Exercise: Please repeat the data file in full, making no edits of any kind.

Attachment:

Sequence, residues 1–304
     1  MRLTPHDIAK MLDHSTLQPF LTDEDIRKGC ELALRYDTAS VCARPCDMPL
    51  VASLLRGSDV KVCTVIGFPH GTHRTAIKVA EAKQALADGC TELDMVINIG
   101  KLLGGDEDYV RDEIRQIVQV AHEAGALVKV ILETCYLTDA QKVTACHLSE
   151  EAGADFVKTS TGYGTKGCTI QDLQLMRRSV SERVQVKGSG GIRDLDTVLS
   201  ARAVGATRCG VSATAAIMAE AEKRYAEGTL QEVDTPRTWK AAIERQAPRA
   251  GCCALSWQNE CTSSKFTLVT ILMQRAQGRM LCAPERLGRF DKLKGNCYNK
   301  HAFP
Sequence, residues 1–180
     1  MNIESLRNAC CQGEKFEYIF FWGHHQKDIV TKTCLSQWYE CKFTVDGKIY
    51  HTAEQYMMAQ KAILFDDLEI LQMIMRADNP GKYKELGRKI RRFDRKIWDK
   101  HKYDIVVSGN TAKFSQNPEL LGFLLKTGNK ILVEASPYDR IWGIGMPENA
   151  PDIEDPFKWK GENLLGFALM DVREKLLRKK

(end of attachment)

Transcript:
Sequence, residues 1–304
     1  MRLTPHDIAK MLDHSTLQPF LTDEDIRKGC ELALRYDTAS VCARPCDMPL
    51  VASLLRGSDV KVCTVIGFPH GTHRTAIKVA EAKQALADGC TELDMVINIG
   101  KLLGGDEDYV RDEIRQIVQV AHEAGALVKV ILETCYLTDA QKVTACHLSE
   151  EAGADFVKTS TGYGTKGCTI QDLQLMRRSV SERVQVKGSG GIRDLDTVLS
   201  ARAVGATRCG VSATAAIMAE AEKRYAEGTL QEVDTPRTWK AAIERQAPRA
   251  GCCALSWQNE CTSSKFTLVT ILMQRAQGRM LCAPERLGRF DKLKGNCYNK
   301  HAFP
Sequence, residues 1–180
     1  MNIESLRNAC CQGEKFEYIF FWGHHQKDIV TKTCLSQWYE CKFTVDGKIY
    51  HTAEQYMMAQ KAILFDDLEI LQMIMRADNP GKYKELGRKI RRFDRKIWDK
   101  HKYDIVVSGN TAKFSQNPEL LGFLLKTGNK ILVEASPYDR IWGIGMPENA
   151  PDIEDPFKWK GENLLGFALM DVREKLLRKK